Balloon filming in practice
By Last Refuge (Company)
Advantages of filming from a balloon
When balloon photography works successfully, the result can be visually very satisfying. It is the ultimate in smooth aerial platforms and there is no need to over crank the camera to smooth out bumps or aircraft vibration. There is also time to consider a shot more carefully, and there is the potential to fly low enough to skim the grass blades.
Some problems with filming from a balloon
Balloons are severely restricted by weather.
It is difficult, and uncomfortable, to take off or land in windy conditions.
In tropical areas, it can be dangerous to fly during the heat of the day when a turbulent thermal can toss the balloon about alarmingly, or, worse still, suck a lot of the air out of the envelope.
Balloons cannot choose the direction to fly in - they go wherever the wind blows them, which not only means you can't go around for a second chance at a shot, but landing areas need to be planned well ahead of time.
Balloons are not available everywhere, and, even where they are, they are expensive, and time consuming, requiring a ground crew with a vehicle suitable for the terrain and large enough to accommodate all the equipment. The difficulties in recovery in remote areas cannot be over estimated, either.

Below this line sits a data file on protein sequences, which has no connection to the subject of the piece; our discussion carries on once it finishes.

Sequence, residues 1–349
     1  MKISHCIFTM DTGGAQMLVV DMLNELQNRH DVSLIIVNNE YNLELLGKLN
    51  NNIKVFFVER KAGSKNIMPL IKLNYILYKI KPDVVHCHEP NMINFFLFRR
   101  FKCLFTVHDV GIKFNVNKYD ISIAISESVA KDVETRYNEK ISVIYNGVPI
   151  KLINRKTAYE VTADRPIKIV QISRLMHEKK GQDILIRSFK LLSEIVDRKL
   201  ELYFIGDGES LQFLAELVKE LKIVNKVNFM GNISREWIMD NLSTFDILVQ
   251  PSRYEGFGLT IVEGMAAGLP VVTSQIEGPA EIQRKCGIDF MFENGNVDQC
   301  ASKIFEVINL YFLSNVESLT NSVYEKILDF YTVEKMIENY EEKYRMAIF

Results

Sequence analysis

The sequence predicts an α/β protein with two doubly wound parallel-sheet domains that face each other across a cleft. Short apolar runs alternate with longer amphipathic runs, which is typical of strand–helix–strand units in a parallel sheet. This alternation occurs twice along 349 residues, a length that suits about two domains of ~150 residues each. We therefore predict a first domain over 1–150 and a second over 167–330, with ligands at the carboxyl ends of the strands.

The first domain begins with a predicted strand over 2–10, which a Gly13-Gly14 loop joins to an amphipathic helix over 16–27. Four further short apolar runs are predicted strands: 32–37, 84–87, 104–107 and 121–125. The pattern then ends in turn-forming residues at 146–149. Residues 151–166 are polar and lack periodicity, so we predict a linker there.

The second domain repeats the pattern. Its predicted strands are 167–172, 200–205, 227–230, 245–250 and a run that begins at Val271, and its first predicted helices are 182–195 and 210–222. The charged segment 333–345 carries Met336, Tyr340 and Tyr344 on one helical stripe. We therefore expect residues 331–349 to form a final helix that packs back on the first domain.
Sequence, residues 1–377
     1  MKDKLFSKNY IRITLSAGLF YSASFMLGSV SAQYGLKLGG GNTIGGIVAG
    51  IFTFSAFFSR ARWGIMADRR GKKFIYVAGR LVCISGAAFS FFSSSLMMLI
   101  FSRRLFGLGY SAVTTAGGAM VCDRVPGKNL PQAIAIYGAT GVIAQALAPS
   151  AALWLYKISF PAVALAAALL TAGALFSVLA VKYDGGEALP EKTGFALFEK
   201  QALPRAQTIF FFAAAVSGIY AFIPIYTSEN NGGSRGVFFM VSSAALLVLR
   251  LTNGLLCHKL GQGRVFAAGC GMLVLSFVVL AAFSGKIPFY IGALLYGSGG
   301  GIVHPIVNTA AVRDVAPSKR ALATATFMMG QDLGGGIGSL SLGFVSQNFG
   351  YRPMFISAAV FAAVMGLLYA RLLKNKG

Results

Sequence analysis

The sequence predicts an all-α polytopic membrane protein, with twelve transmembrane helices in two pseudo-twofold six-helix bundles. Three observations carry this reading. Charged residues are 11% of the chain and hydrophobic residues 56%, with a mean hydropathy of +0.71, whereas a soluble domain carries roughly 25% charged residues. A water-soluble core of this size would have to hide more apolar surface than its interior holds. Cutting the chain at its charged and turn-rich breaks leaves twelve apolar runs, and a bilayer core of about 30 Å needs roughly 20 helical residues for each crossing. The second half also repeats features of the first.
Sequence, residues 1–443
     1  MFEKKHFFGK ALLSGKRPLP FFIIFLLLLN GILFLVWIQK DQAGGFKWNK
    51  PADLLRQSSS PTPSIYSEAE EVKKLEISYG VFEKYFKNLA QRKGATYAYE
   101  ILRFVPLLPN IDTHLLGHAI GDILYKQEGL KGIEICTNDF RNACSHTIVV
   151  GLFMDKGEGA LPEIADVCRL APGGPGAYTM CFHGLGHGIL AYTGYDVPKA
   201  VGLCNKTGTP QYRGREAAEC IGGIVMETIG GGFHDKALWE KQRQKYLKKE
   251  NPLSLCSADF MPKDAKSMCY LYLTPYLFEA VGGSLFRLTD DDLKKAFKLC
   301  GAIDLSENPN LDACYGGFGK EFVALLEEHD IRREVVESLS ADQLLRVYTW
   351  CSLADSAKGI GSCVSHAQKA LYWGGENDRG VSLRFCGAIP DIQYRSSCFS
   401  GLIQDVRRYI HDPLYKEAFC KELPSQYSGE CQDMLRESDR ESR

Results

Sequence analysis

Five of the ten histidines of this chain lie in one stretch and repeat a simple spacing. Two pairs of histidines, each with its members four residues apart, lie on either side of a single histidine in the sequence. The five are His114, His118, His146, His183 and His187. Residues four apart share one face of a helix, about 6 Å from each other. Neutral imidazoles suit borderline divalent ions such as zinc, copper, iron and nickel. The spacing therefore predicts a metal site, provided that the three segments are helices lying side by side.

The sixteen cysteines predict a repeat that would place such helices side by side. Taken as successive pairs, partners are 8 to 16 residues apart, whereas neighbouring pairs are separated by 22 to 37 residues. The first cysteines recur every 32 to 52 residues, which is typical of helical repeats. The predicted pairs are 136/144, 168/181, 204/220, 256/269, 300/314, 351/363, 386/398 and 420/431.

Filming animals from a balloon
If you are planning to film animals from the air, a balloon is not the most suitable platform – they do not like the burner noise or the huge profile, so they will run away from you as fast as they can if you are at low level, and if you go higher, there is always the possibility that the wind will carry you on a course that carries you and your balloon out of range of that huge herd of wildebeest that you thought you could not miss when you assessed the ground wind before take off.
Filming landscapes from a balloon
If you simply want landscapes, and recovery is not a problem, then balloons can provide an exciting way of getting some interesting shots. Don't limit yourself, though, to placing the camera in the basket on a conventional tripod or clamped mount on the side of the basket. If you do, the camera will be too high for those dramatic ground skimming shots.
Using a camera platform with a balloon
For the film ETOSHA, in "The Living Edens" series for ABC/Kane, we built a camera platform outside the basket which was hinged so it could be stowed neatly for take-off and landing; but, when deployed, provided a large enough surface to walk around on, with a 35 mm camera mounted on a high hat. The platform, made from marine plywood, was suspended from the balloon burner frame by thin steel cables, and more steel cables provided safety lines for both the camera and operator.